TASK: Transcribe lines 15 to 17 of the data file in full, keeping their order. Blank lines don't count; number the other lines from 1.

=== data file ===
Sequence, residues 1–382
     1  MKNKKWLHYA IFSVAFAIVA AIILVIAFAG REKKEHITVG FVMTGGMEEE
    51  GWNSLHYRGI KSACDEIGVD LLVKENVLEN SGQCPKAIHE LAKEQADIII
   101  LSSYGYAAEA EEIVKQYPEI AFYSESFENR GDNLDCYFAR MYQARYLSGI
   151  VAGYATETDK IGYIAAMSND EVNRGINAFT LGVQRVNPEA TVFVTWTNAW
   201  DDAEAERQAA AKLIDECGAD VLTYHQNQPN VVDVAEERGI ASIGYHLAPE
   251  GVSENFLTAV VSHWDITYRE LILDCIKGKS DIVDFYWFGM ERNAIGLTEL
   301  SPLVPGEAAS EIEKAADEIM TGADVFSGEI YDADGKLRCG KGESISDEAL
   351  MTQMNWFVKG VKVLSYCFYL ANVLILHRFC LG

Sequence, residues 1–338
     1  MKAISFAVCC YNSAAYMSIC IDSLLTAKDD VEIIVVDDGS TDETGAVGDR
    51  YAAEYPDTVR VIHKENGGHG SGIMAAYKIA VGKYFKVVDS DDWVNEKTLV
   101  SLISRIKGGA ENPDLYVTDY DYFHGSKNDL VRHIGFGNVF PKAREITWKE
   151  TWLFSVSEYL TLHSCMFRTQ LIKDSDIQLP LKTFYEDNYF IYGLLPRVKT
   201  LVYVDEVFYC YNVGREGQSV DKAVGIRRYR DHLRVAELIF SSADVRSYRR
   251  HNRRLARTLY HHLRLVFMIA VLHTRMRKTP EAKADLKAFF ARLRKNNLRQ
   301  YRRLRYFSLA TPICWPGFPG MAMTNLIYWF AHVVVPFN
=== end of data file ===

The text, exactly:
   201  LVYVDEVFYC YNVGREGQSV DKAVGIRRYR DHLRVAELIF SSADVRSYRR
   251  HNRRLARTLY HHLRLVFMIA VLHTRMRKTP EAKADLKAFF ARLRKNNLRQ
   301  YRRLRYFSLA TPICWPGFPG MAMTNLIYWF AHVVVPFN